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For a Unity3d game I'm working on, I have a situation where I want a read/writeable property with a trivial getter, but a setter which does some more work. My code looks like this:

// IColor.cs
interface IColor {
    Color colorPainted { get; set; }
}

// Player.cs
public class Player : Monobehaviour, IColor {
    // ...
    public Color colorPainted {
        get { }
        set {
            colorPainted = value;
            // some other code
        }
     // ...
    }
}

I'm not sure what to do about the get part, though. I can't return colorPainted;, because that causes a stack overflow. The code as written won't compile because I'm not returning a value.

I'm no C# wizard, but it seems like I'd need to have a _colorPainted backing variable, and provide access to that through the get and set. This seems kinda verbose, though -- is there a better way to do it? In Objective-C, I'd simply leave the getter unimplemented, but that doesn't seem to work.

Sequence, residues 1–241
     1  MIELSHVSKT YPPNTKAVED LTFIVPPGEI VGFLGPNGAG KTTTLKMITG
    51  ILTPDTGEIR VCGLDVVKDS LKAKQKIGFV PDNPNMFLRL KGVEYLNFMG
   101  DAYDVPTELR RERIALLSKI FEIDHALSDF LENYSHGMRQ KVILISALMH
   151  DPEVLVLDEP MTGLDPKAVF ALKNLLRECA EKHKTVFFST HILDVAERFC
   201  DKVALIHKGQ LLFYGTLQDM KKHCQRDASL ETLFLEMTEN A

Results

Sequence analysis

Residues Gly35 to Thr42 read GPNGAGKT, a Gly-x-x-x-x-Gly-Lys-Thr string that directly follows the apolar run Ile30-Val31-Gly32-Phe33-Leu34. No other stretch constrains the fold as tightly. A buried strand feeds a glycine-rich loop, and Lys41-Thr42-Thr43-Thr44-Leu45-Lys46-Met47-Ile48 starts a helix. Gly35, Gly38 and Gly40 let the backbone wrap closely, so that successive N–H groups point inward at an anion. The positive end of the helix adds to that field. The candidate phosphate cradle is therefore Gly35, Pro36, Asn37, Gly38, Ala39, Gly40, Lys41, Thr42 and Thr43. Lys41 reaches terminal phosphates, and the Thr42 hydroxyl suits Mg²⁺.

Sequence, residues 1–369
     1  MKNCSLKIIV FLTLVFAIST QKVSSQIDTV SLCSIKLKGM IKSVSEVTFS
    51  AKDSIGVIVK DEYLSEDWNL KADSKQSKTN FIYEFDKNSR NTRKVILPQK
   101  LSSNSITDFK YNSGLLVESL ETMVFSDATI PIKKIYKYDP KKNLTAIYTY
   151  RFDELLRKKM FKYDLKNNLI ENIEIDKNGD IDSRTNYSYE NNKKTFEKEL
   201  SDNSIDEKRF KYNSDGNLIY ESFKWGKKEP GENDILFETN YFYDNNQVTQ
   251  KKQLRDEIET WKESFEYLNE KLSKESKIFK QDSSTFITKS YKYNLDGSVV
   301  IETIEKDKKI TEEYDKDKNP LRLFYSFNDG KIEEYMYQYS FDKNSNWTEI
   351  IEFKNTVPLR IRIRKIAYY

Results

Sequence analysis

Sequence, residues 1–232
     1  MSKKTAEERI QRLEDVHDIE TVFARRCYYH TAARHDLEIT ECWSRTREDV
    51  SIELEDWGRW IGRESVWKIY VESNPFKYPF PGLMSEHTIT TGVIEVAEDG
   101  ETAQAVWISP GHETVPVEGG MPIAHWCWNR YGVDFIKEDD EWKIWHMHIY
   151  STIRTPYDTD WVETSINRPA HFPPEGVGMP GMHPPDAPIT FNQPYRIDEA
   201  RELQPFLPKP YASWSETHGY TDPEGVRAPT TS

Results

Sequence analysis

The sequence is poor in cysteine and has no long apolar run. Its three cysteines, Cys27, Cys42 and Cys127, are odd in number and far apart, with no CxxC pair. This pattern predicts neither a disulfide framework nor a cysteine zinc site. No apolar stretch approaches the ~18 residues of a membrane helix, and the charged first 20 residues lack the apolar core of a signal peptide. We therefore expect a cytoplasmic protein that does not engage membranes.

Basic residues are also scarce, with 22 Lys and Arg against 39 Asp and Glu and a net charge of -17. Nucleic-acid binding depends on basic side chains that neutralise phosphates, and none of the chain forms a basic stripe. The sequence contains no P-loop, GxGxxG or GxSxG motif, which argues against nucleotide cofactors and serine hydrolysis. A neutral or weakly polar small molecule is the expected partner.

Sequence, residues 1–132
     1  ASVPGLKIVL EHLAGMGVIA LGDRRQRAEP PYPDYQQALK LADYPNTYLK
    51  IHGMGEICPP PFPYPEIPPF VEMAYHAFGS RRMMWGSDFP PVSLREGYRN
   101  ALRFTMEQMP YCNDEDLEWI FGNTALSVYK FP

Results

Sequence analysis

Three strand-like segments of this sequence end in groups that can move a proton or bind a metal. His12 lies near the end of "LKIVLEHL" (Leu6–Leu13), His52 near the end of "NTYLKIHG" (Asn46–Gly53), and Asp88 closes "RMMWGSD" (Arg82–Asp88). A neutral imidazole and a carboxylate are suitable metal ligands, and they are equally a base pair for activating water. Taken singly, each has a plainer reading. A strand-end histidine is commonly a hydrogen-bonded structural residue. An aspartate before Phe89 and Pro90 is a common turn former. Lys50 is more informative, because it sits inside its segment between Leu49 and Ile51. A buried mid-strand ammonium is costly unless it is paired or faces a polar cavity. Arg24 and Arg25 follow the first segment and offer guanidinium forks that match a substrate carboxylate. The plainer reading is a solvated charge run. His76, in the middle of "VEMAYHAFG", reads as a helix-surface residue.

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2 Answers

up vote 3 down vote accepted

Unfortunately in C# there's no way around it. You need to provide a backing field for the property:

// Player.cs

private Color _colorPainted;

public class Player : Monobehaviour, IColor {
    // ...
    public Color colorPainted {
        get { return _colorPainted; }
        set {
            _colorPainted = value;
            // some other code
        }
     // ...
    }
}
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Use a backing member to hold the value:

public class Player : Monobehaviour, IColor {
    // ...
    private Color _colorPainted;
    public Color colorPainted {
        get { return _colorPainted; }
        set {
            _colorPainted = value;
            // some other code
        }
     // ...
    }
}

In the example where you can't return the property itself, your setter won't work either. Same problem. Essentially, when you write this:

public Color colorPainted { get; set; }

What you're really writing is this, only shorter:

private Color _colorPainted;
public Color colorPainted
{
    get { return _colorPainted; }
    set { _colorPainted = value; }
}

The compiler is just handling the backing field for you, allowing you to write it in a shorter way. But when you step outside of that shorter syntax, you have to manage the backing field yourself.

Since the backing field is private, there's no difference to any code that's using the class or the interface type.

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